Training Week Ending October 26, 2008

Training Week Ending October 26, 2008

Post by ander » Thu, 30 Oct 2008 16:12:08

> > It was a traditional event - this was the 30th edition
> "Traditional" at only thirty years?
> Puh-leeze, anders, are you an American or what?

Maybe "established" would've been a better choice, but OTOH
"venerable" wouldn't have been too far off as an attribute, either: by
definition, a *jogging* event cannot be older than the phenomenon
itself and here it was born on or around September 3th, 1972.

> I'd reserve that term for a race in, say, the top forty:

<sigh>  "Traditional and decrepit" would describe the state of at
least one of those to a tee...

> Though the next time out, I hope to hear you more focused on your
> performance than merely satisfied for having braved the course and the
> elements; or else I'll fear that Doug has got hold of your soul and
> you're inexorably headed toward less serious "racing" days...

I'll be completely frank with you: last weekend there was another
event that vied for my interest, the "Mammoth March", a 85 km all-

> Glass house department: I haven't raced in, what, maybe a year and a
> half and haven't reached Michelle's 30 mile goal for an embarrassing
> stretch of weeks. ?And, well, cough cough choke, certain bad habits
> need to be slain once again.

I sincerely hope that my example encourages you to pin(*) a bib to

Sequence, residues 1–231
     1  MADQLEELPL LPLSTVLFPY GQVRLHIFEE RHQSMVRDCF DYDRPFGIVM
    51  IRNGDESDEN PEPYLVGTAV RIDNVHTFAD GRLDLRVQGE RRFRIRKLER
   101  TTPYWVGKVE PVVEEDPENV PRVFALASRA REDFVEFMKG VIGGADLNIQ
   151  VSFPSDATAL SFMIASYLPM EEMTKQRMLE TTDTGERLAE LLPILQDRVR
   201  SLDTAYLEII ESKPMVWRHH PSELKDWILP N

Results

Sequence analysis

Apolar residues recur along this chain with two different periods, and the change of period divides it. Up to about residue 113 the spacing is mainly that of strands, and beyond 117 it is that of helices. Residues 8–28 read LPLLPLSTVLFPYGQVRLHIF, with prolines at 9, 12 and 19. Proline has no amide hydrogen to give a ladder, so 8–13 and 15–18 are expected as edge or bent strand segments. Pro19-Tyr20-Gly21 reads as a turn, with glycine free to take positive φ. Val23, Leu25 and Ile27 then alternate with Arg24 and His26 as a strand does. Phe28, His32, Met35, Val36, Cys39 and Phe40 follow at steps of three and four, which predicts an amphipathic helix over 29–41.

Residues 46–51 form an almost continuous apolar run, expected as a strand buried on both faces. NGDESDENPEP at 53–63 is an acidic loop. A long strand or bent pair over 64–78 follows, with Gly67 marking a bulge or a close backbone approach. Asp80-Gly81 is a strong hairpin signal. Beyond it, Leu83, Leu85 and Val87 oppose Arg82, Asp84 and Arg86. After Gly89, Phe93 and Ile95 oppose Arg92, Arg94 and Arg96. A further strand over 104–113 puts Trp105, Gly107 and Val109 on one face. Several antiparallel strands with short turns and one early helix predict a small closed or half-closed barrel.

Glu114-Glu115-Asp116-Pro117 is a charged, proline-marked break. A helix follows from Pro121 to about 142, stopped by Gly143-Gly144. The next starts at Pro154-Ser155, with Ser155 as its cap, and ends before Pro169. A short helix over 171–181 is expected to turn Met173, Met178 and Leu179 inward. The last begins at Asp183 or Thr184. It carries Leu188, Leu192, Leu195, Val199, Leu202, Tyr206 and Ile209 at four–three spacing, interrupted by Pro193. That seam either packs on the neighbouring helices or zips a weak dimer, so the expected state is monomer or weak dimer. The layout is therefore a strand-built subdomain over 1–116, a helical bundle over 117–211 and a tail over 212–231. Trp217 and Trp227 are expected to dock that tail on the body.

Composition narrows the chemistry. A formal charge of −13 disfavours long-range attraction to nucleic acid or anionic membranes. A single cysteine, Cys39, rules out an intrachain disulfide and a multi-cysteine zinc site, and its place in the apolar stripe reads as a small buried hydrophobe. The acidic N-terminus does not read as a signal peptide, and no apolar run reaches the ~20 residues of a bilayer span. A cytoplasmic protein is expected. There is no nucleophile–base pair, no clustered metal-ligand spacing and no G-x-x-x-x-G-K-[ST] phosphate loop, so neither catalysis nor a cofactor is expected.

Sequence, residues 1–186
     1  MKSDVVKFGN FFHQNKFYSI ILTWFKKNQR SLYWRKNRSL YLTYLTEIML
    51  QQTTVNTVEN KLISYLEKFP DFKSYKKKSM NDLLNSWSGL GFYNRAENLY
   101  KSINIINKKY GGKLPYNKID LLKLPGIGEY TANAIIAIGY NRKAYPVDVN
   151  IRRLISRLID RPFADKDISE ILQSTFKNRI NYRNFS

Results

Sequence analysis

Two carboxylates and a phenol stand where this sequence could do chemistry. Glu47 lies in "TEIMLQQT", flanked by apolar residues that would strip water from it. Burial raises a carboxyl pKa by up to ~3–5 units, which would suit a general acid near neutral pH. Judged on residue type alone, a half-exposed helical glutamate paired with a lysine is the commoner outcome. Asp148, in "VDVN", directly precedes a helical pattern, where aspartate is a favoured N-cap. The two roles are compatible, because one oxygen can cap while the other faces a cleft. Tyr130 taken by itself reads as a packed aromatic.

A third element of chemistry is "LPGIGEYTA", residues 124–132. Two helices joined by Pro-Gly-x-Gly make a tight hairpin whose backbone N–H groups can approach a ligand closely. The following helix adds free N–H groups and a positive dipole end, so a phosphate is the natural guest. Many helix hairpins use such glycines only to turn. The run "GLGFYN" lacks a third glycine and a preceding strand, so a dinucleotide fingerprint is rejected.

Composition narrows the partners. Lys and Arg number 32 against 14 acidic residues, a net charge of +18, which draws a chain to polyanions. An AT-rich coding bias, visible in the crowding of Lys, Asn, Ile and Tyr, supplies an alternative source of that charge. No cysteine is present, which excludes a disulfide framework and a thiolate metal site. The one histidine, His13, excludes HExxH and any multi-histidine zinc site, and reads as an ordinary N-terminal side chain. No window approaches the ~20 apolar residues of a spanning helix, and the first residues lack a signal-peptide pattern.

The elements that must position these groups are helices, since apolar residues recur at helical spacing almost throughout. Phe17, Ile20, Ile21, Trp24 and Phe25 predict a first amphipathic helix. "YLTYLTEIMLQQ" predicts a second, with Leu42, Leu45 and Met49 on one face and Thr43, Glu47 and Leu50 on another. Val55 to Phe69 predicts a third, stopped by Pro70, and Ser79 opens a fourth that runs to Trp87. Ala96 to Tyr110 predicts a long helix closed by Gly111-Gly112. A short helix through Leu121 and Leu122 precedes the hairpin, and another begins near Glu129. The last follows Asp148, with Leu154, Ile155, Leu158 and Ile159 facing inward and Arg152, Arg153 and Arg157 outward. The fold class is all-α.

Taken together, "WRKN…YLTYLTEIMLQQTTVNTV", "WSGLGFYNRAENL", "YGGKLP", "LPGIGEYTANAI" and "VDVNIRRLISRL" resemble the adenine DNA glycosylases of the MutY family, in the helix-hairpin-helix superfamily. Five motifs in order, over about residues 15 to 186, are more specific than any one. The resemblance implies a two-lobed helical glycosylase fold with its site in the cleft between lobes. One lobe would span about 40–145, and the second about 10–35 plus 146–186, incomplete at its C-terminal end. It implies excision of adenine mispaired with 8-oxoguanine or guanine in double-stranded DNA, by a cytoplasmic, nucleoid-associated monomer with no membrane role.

your shirt in the very near future; you certainly don't need to do 30
miles per week to participate in a race or to get some sort of
positive mental, physical and/or spiritual return from your effort.

(*) the bibs in the "Moose Jog" were of the old school type:  made of
cloth, numbers on both the front and the back, attached by tying the
lines under your arms. They were probably older than the event itself
and seen service in XC skiing events as well.

> I'm therefore ready for a little longer term motivation, and also feel
> enough of my physical, mental, and emotional health has trickled back
> that I can afford to go on the offensive a little. ?So: I hereby
> intend to run better than 90 minutes at the Brooklyn half marathon and
> thereby qualify for guaranteed entry to the NYCM. ?Assuming BK-21k is
> still in spring and 1:30's still the male masters qualifier.

I'm beginning to think that setting such definite and relatively
faraway goals is a problematic strategy; there's too much time to get
second thoughts or to get sidelined by this or that. It's better to
immerse oneself in the element by having more immediate targets and
lower thresholds.

As soon as you get a month of running >3 hrs per week together,
register for the next possible race and see what happens. I can
guarantee that you don't risk becoming a jogger or a "I wonder what
the food is like"-ultrarunner just by running slower than, well,
whatever you consider to constitute the minimum requirement to call it